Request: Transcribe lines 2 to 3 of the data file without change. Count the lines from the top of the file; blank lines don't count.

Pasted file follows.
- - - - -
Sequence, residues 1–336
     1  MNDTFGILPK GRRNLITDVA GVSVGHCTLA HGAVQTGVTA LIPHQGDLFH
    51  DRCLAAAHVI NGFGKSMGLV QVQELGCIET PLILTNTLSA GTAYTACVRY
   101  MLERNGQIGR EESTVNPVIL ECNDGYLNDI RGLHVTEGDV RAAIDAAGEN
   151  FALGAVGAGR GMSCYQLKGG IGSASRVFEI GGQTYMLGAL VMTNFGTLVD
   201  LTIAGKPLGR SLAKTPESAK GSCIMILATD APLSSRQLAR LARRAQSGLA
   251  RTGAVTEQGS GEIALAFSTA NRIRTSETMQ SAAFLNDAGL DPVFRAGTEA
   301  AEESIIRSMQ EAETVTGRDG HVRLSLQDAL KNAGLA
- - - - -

     1  MNDTFGILPK GRRNLITDVA GVSVGHCTLA HGAVQTGVTA LIPHQGDLFH
    51  DRCLAAAHVI NGFGKSMGLV QVQELGCIET PLILTNTLSA GTAYTACVRY